Some Katherine residents say they are constantly living in fear.
They claim to be prisoners in their own homes because of a rise of crime in the town.
“Katherine is not a very nice place to live in any more,” Katherine East resident Joan McDonnell said.
“We would get up and leave but we have family still here.”
Katherine Times has this week spoken to residents, police and Katherine Town Council about the issue for a series of stories were are posting each night for the next week.
Mrs McDonnell and a group of her neighbours were part of a delegation to express their fears to Katherine MLA Sandra Nelson this week.
The sickening assault on Bevan Gitsham late last month inside his own home has only served to increase their fears.
Mr Gitsham, aged 79, was sitting inside his own home in Katherine East when struck repeatedly in the head with a stick by an unknown assailant on October 29.
The Gitshams took part in the delegation to see Ms Nelson.
“The level of community support for Bevan and I has been humbling and reassuring,” Yvonne Gitsham said this week.
“People are telling us this is a town-wide issue, everyone feels the same.”
The long-time residents say they have lost their enjoyment of living in the town.
They say they lock windows and doors at all times and even take it in turns to wake during the night to check for intruders.
“We are prisoners in our own homes,” Mrs McDonnell said.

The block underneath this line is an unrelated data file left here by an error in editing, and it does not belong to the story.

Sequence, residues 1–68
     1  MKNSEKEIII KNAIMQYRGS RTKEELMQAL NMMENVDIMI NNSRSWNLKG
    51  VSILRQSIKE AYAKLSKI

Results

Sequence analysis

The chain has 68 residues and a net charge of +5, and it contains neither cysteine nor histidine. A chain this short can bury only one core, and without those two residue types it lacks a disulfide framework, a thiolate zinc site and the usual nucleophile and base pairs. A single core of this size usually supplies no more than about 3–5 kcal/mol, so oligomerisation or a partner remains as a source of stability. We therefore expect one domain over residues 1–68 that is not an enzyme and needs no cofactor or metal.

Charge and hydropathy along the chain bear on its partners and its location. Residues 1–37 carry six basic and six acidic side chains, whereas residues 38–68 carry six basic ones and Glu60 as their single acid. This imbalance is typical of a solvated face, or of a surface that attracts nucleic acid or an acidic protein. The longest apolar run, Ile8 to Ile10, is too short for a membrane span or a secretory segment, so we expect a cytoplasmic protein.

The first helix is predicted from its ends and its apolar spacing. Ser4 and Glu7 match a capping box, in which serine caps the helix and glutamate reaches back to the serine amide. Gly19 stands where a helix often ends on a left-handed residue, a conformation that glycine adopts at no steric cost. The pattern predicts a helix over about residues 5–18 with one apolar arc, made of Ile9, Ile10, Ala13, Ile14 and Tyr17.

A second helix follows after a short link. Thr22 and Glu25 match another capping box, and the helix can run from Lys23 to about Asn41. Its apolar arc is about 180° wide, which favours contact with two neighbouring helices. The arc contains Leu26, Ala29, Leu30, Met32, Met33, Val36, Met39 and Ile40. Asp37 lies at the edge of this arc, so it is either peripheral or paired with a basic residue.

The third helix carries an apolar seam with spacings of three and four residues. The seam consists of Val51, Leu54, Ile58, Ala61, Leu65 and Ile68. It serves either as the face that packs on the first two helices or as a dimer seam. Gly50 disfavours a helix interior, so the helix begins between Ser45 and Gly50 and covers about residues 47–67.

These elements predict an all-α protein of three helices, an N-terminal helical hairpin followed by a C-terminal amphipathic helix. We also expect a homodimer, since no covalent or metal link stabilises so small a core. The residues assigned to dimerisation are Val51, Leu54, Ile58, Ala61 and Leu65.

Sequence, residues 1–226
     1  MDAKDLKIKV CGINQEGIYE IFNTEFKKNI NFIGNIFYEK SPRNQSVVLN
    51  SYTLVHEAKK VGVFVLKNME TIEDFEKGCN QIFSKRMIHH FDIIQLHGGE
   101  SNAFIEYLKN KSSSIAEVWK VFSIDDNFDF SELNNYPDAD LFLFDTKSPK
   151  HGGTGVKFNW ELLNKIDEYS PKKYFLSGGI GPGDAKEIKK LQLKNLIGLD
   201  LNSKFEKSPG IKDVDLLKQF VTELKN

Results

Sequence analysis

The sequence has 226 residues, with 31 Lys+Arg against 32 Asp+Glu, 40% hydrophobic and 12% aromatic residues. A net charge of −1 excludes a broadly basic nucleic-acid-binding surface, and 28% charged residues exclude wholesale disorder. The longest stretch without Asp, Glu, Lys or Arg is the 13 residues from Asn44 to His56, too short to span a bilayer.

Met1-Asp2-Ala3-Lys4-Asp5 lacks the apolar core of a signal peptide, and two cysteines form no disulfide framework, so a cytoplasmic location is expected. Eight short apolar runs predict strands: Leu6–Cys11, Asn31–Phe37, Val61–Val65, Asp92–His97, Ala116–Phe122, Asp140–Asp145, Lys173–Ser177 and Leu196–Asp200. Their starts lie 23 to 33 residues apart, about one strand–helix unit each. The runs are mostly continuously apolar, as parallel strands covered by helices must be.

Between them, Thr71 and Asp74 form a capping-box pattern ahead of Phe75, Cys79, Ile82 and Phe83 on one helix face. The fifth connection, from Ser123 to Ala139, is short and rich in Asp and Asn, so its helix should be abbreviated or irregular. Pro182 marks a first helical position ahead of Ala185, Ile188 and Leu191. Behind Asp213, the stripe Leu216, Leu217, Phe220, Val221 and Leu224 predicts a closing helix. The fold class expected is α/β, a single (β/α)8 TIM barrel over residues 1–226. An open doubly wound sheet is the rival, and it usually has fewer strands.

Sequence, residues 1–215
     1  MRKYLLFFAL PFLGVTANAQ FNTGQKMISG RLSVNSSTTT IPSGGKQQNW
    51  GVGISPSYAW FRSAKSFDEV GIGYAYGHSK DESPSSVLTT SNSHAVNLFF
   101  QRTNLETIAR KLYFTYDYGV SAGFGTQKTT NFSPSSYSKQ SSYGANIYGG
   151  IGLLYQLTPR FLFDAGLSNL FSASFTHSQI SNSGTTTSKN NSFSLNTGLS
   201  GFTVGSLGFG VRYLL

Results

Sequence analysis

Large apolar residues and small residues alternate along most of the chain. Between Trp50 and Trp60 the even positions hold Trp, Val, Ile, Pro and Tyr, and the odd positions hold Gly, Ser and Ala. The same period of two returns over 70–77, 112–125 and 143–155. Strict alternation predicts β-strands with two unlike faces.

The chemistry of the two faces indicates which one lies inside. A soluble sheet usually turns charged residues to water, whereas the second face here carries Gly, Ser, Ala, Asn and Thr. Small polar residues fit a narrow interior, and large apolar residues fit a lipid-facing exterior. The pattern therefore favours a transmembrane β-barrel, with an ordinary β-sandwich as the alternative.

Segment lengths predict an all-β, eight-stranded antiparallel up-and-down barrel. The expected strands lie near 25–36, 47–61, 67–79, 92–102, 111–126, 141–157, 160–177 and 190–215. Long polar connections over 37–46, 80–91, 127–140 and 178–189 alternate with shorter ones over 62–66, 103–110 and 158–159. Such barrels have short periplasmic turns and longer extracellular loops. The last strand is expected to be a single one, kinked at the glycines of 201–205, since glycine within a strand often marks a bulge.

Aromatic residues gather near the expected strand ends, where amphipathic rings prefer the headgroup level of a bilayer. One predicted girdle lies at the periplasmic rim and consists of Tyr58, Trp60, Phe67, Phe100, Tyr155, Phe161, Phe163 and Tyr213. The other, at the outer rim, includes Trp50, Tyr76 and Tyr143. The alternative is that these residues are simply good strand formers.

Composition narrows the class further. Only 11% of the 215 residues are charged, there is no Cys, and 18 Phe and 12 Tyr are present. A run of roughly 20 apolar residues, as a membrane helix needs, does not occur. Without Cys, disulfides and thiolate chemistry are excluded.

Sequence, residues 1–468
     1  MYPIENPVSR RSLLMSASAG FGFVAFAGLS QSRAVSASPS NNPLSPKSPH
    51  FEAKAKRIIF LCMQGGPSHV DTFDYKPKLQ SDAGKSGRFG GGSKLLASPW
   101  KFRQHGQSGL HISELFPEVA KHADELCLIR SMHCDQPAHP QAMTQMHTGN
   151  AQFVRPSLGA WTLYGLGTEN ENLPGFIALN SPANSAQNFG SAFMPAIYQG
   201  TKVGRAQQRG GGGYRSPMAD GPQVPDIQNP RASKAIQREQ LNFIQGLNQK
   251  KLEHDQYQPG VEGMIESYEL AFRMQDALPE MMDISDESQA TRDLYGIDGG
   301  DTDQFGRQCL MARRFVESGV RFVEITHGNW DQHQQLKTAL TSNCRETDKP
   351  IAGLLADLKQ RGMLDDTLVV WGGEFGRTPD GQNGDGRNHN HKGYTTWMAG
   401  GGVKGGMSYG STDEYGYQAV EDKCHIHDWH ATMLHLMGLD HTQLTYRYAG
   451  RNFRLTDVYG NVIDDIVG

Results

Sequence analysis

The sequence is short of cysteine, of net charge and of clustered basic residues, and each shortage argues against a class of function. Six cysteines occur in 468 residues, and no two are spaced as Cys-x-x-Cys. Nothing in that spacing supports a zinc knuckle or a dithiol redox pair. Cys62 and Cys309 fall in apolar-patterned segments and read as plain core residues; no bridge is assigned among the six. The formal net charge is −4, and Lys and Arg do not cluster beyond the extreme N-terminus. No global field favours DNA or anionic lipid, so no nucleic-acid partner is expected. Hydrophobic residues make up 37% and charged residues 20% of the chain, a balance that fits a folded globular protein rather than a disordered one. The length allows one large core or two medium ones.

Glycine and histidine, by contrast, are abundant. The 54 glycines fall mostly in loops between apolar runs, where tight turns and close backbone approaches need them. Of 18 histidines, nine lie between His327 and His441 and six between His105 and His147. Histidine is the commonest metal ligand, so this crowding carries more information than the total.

“We turn the air-con off at night so we can hear better if there’s someone trying to break in.”
“I have to garden now with the keys in the my pocket,” Dorothy Sing said.
“I lock all the doors behind me when I go out in the garden, so remembering the keys is a big one now.
“We all seal up our homes, we’ve had to change our way of living.
“We had to do this way before Bevan’s assault, this has been getting worse for years.”
All the residents agree residents are now turning to owning more dogs as added security, and wandering dogs cause problems of their own.
The residents say they are also wary about venturing into town for shopping, and don’t go on their own, or at night.
They say Katherine’s problems have grown worse over the past three years.
They have asked for better controls on tenants living in public housing units.
They also agree the root cause of the problems is alcohol.
They want alley-ways, or escape routes as they call them, closed town-wise.
“People have to be held responsible for their actions,” Mrs Sing said.
“Courts need to take a harder line.
“It must be so frustrating for police who we know are doing their job only to see the same people straight out on the streets committing the same offences again.”
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